Mother-of-two Sonia Buckingham should buy a lotto ticket.
After being told she would never have children, due to the gynaecological disease endometriosis, the Invercargill woman beat the odds by bearing two babies, who are now in their teens.
But it was the most recent anomaly that blew medical experts away.The 41-year-old had her left ovary removed when she was a teenager, due to her condition. But nothing could prepare her for the shock, when an ultrasound revealed her missing ovary had grown back.
“I thought the radiographer was pulling my leg,“ says Sonia, who had the scan last year at her local hospital to check for a hernia.
“We actually had an argument and I asked to see his supervisor. She came through to view the ultrasound and confirmed there were two ovaries present.”
The medical team turned the screen around to show Sonia, and there it was, clear as day.
“It was smaller than the right one, but it was definitely an ovary,” Sonia says.
Sonia had a scan four years earlier, and no left ovary was detected. She was later told that tissue from the liver, tonsils and ovaries can regenerate.
Looking back at her medical notes, when she first had her ovary taken out, Sonia discovered the surgeon had left behind a “minute particle”.
“I was lost for words, blown away,” she admits.
It’s merely a continuation of Sonia’s ongoing saga with endometriosis, a condition that occurs when tissue that lines the uterus grows outside it.
Diagnosed at 19, Sonia had her left ovary and cysts removed to stop the excruciating pain.
“It was crippling. At times it literally felt like there was a hot poker inside of me,” she says.
Although surgery took away the pain and improved her quality of life, she was told in no uncertain terms that the possibility of her having children would be next to impossible.
“I had a five percent chance of conceiving, and if I did get pregnant, there was a 95% possibility I would miscarry,” she explains.
“I was devastated, because I had always loved children. I felt like I had lost my womanhood.”
Ten years after surgery, the pain had returned.
Sonia was living with her partner, and the couple decided to try IVF to start a family. But when she went to the doctor, it was suspected that she was already pregnant.
“I was given a test and told that it had come back positive. I replied, ‘Positive? For what?” she laughs.
The news came as a total surprise.
“I burst into tears. For most of my adult life, I had been told that I was infertile. Then, suddenly, I was going to have a baby.”
Sonia loved being pregnant, but knew she was fragile. Her condition meant there was a possibility she could lose the baby at any moment.
“Seeing the scan was mind-blowing. I couldn’t believe there was a baby inside of me with a heartbeat. I knew I had to make this work.”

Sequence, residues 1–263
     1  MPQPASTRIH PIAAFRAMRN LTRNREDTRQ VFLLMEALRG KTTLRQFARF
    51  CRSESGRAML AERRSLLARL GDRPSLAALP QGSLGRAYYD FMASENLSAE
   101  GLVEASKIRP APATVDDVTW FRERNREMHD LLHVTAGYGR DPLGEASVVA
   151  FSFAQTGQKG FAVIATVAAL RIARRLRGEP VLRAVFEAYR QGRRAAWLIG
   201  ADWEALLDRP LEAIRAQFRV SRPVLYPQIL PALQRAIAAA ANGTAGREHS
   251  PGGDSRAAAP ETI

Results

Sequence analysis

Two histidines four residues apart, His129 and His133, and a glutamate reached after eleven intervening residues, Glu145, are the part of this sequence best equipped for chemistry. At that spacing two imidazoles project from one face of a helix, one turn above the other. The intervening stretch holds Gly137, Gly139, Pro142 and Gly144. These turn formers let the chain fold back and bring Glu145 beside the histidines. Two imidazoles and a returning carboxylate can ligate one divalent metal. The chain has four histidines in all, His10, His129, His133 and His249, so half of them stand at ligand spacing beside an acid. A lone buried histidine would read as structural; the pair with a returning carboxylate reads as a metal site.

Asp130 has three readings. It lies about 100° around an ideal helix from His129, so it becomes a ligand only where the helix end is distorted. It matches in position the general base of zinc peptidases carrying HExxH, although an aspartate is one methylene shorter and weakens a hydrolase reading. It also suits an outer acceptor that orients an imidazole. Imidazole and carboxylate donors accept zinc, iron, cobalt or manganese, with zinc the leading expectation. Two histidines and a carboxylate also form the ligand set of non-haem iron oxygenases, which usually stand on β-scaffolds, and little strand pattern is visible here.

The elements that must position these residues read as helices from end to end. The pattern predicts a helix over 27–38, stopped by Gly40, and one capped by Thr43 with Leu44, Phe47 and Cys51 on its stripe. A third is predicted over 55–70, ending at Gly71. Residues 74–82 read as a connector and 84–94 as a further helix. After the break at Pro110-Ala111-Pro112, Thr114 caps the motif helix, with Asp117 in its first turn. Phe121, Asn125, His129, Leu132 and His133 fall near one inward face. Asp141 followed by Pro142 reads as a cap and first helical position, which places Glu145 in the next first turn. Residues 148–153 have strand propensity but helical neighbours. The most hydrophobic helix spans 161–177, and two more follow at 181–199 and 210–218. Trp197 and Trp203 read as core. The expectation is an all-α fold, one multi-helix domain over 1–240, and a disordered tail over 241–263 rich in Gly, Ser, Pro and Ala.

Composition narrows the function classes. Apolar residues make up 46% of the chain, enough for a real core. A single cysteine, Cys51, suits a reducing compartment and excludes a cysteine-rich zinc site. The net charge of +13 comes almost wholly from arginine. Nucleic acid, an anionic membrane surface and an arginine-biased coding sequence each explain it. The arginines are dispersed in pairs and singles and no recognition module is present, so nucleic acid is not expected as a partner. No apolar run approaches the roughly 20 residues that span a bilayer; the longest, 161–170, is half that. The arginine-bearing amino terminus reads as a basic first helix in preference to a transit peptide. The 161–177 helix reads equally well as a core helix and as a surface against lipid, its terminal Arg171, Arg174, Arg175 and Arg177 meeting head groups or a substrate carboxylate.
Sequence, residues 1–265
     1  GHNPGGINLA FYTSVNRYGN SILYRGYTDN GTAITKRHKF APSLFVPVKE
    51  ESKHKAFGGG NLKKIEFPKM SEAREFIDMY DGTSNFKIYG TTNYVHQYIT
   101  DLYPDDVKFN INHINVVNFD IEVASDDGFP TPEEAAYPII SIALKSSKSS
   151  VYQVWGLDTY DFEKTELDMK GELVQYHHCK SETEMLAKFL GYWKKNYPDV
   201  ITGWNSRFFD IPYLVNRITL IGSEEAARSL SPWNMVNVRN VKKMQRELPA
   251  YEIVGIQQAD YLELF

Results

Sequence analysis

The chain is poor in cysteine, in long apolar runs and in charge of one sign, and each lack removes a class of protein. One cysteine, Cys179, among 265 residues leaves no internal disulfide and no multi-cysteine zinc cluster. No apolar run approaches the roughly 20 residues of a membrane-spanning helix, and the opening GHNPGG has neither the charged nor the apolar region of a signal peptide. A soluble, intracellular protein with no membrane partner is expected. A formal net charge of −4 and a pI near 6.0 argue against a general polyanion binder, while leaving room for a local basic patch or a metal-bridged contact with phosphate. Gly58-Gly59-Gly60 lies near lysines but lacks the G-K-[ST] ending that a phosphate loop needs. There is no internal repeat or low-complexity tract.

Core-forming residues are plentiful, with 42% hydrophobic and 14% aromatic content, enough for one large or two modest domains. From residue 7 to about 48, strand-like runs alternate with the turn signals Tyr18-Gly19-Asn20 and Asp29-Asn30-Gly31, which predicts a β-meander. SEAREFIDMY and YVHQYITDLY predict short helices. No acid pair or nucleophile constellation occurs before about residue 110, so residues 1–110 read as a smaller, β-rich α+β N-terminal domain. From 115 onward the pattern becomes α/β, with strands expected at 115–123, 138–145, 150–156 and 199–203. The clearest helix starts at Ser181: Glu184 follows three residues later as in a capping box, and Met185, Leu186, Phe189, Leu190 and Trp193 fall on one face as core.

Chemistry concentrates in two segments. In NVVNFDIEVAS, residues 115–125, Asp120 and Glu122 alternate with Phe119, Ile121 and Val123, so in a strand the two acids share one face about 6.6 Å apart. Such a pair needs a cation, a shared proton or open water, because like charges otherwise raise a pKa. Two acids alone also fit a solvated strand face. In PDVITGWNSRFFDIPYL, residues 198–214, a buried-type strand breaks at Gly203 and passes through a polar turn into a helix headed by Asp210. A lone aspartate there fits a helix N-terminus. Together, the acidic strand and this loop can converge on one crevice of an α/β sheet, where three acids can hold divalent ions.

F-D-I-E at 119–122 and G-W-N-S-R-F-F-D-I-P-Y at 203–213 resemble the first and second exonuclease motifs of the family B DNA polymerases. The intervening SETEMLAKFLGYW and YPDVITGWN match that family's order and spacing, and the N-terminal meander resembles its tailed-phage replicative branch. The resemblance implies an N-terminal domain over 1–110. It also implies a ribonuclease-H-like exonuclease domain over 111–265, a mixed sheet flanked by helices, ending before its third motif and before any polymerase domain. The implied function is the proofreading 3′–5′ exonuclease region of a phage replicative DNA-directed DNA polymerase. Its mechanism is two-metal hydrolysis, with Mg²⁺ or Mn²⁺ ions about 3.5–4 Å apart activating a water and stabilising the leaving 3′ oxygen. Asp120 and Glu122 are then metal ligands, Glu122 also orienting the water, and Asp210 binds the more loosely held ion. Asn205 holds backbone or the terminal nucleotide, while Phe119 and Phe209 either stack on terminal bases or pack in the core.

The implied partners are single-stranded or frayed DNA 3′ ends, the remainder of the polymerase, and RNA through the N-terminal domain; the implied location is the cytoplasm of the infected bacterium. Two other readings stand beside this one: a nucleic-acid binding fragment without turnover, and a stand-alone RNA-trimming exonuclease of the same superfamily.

Despite the hardships, Sonia gave birth to her eldest son Jaden (14), who was four weeks premature. Holding her newborn was a true blessing.
“I didn’t allow myself to get excited until my baby was safe in my arms, looking back at me and breathing. That was the best feeling ever,” she recalls.
Sonia proved she really could be a mother, against all odds, and so it was only natural she try for another.
“I wanted to strike while the iron was hot,” Sonia says with a smile.
On Jaden’s first birthday, she received more good news – she was pregnant with Calem (13).
Once again, carrying a baby was very difficult, and the threat of miscarriage was a constant presence. But Sonia fought hard to give birth to a second son, also premature.
“I got to hold another miracle child. Words cannot describe how special that moment was.”
Today, Sonia treasures the two special gifts she has been given. Every single birthday, she takes a photo of her sons at the exact time they were born, and has an impressive collection to remind her how lucky she is to be a mother.
Sonia hasn’t had an ultrasound since learning about the regrowth of her left ovary, and doesn’t know if it has grown any further. She also has no plans to have any more children, now that her ovary has grown back.
But she hopes that women who are struggling with endometriosis, and want to have children, will be inspired by her story.
“Don’t give up on your hopes and dreams,” she says. “I was told for most of my life that I couldn’t have children, and I’m living proof that miracles can happen.”
New Zealand gynaecologist Dr Bernie Brenner says having an ovary grow back is an unusual phenomenon – one that he’s never seen before.
“If you take out the whole ovary and leave nothing, it’s impossible for anything to happen,” he explains. “But if you leave a small amount of ovarian tissue with follicles in it, then it can develop. You can get ovarian cysts and functioning ovarian tissue still being maintained.”
Aroha Awarau **
Photos: Paula Brown • Make-up: Prescilla Fuller